Thank you to everyone who participated. I hope to host another giveaway soon!
Hello everyone! I hope you all had a lovely weekend. I’m just popping in to remind you that there’s still time to enter my giveaway of Wanderers by Edward Belfar! It’s an excellent collection of short stories about being geographically and emotionally far from home (review here). The giveaway is open until 12 a.m. EST Wednesday, and you can earn points by commenting on my review, following my blog, tweeting about the giveaway, etc. Click here to enter!
“She seemed to feel the weight of all the snow that lay down there. The branches had become so hard that they wounded your hand if you but tried to break a twig. And yet, down under the frozen crusts, at the roots of the trees, the secret of life was still safe, warm as the blood in one’s heart; and the spring would come again! Oh, it would come again!”
– O Pioneers! by Willa Cather
SFA Press, Oct. 2012
Paperback, 218 pages
Residing inside the pages of Edward Belfar’s short story collection are a series of wanderers who find themselves far from home both geographically and emotionally. Some of them travel halfway across the world while others are literally trapped within themselves, but all of them are searching for a way back into the feeling of home.
The stories in this collection take place in a variety of locations ranging from Kenya to a psychiatric ward to Italy to Yankee Stadium, and they examine issues of identity, responsibility to family, sexual insecurity, and global economics. Continue reading
Non-Fiction: WWII History
Harper Perennial, Oct. 2012
Paperback, 374 pages
In January 1943, a train carried 230 women members of the French Resistance from a prison in occupied France to the extermination camp at Auschwitz. Of this number, 49 survived to return to France more than two years later. Although this seems like a woefully small number, it is miraculous that so many of them survived the starvation, brutality, and illness of the camp. What saved so many of these women was the close friendship, intimacy, and camaraderie between them.
A Train in Winter tells the story of this group of women, from their roles in the French Resistance, to their experiences in the concentration camps, to the lives of the 49 survivors after their return to France following the liberation of the camps. Continue reading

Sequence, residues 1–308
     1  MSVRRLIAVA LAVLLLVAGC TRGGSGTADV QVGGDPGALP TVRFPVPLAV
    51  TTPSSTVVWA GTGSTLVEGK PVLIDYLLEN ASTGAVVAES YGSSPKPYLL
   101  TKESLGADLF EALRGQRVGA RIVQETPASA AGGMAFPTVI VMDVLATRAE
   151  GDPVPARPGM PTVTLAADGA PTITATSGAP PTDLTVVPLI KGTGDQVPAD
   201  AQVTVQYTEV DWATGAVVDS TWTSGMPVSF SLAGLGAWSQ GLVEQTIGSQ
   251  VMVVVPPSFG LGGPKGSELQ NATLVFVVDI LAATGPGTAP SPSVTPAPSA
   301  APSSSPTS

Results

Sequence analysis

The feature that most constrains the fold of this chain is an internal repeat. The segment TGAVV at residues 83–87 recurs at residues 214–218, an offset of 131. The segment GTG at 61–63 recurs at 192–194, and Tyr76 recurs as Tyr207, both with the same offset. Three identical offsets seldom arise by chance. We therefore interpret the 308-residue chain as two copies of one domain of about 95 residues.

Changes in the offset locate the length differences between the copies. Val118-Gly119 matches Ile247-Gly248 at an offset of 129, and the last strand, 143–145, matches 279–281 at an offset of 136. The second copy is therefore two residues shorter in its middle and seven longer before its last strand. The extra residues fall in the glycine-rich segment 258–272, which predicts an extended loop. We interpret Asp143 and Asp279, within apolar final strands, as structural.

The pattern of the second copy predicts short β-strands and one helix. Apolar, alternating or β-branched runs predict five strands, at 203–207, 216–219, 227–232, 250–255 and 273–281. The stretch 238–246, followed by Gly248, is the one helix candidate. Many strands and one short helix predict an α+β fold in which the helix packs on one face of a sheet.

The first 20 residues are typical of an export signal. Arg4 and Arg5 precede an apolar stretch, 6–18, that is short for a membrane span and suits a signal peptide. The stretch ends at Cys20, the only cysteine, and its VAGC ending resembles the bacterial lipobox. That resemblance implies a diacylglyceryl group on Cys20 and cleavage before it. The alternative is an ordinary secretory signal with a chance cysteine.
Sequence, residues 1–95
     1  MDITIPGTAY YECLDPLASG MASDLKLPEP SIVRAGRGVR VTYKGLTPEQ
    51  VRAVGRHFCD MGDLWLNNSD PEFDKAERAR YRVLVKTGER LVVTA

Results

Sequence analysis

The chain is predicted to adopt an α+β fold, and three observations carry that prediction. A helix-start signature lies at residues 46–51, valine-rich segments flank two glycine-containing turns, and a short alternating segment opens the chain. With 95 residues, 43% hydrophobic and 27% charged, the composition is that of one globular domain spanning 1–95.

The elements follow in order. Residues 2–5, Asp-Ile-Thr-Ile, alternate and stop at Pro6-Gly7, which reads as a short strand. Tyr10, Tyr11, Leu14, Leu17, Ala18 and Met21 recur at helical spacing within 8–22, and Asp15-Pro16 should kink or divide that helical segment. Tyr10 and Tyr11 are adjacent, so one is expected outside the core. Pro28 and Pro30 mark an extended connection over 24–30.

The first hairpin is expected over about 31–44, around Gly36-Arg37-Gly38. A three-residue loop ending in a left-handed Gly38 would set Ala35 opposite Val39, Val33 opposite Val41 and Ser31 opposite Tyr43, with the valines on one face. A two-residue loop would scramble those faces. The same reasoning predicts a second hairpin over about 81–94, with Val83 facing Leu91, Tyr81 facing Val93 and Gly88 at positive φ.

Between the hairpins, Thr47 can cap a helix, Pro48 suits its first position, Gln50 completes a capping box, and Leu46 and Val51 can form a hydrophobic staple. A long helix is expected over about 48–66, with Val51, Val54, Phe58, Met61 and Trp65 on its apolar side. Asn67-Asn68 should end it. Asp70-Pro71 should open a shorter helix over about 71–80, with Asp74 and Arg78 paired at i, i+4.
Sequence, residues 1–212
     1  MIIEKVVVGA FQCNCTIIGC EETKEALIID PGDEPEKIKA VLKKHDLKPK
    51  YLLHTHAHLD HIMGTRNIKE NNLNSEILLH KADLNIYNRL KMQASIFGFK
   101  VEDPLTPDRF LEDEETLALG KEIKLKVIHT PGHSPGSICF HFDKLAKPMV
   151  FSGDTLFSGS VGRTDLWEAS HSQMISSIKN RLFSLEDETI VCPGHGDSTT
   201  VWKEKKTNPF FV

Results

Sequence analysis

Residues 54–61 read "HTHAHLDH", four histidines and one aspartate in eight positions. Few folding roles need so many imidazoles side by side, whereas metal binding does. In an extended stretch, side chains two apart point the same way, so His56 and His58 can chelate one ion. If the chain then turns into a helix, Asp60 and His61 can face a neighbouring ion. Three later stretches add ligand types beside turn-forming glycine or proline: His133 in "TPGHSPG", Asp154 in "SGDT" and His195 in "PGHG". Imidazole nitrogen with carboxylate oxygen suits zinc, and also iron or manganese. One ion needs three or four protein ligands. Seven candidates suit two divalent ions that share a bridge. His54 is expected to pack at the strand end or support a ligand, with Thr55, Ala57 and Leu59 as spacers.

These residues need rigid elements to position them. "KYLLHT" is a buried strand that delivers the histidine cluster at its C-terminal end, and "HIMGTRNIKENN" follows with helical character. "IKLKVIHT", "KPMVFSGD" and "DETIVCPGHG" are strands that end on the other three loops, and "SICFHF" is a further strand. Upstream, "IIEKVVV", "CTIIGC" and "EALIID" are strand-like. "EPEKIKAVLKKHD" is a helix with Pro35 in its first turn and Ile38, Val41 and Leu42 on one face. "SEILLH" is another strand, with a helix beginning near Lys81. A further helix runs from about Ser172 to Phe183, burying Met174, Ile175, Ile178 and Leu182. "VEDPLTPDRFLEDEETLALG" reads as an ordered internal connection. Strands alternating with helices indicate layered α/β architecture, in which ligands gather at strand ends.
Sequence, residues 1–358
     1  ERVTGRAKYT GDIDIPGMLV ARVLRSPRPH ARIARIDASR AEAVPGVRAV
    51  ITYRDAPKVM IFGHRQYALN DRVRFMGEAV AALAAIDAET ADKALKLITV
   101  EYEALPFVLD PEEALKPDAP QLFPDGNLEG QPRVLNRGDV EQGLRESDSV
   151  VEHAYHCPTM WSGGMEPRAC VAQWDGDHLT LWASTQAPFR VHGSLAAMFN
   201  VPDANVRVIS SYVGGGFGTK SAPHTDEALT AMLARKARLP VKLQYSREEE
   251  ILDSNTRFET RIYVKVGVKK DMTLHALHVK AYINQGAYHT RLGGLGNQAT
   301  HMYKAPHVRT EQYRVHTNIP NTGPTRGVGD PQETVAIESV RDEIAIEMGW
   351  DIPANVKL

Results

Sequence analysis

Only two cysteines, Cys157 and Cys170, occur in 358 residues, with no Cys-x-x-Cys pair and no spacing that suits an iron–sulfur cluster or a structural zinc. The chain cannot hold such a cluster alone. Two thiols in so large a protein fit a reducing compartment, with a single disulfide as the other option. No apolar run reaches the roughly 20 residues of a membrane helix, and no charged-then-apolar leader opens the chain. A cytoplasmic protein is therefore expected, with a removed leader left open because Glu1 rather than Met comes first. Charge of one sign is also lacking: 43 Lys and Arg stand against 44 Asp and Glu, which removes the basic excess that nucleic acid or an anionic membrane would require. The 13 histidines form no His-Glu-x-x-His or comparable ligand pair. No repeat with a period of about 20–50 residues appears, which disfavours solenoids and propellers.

“The lights dimmed and everyone moved in amber. They flickered like votives when the teacher crossed back and forth in front of the window and I thought, that’s what we will all be one day, insects in sap, strange jewels.”
– Zazen by Vanessa Veselka
Barnes & Noble Classics, 2003
(first published 1913)
Paperback, 161 pages
The first book in Willa Cather’s Prairie trilogy, O Pioneers! is a story of survival on the Nebraska prairies. At a time when the American West was wild and uncultivated, many immigrants were drawn to the frontier by the extremely low price of land. However, many of these families were from cities and had little or no experience or knowledge of farming; although they were eager to pursue a new life on the prairie, they were ill-suited to the demands of eking out a living from the land. Continue reading
Red Lemonade, May 2011
Paperback, 257 pages
America is on the verge of collapse, and 27-year-old Della is serving up tofu scramble in a hippie restaurant called Rise Up Singing and growing increasingly frustrated by the violence and apathy surrounding her. Many people she knows are leaving the country for Asia and South America — anywhere they can escape the impending war and economic doom — and Della is torn: should she flee to a tropical paradise or stay and fight?
“The flaw in the Christ stories, said the visitor from outer space, was that Christ, who didn’t look like much, was actually the son of the Most Powerful Being in the Universe. Readers understood that, so when they came to the crucifixion, they naturally thought, and Rosewater read out loud again:
Oh boy — they sure picked the wrong guy to lynch that time!
That thought had a brother: “There are right people to lynch.” Who? People not well connected. So it goes.”
– Slaughterhouse-Five by Kurt Vonnegut
Crown Publishers, January 2012
Hardcover, 333 pages
Confession time: I’m an introvert. I like spending time alone, reading and listening to music. I enjoy going out and seeing my friends, but I’m often relieved to come home to a quiet house where I can unwind on my own. I love thinking critically, but I’m rarely the first person to leap into the discussion. And in a culture that seems to value extroversion over nearly every other trait, I’ve always been made to feel slightly insecure about these things. Susan Cain’s book Quiet: The Power of Introverts in a World That Can’t Stop Talking helped me change my outlook. Continue reading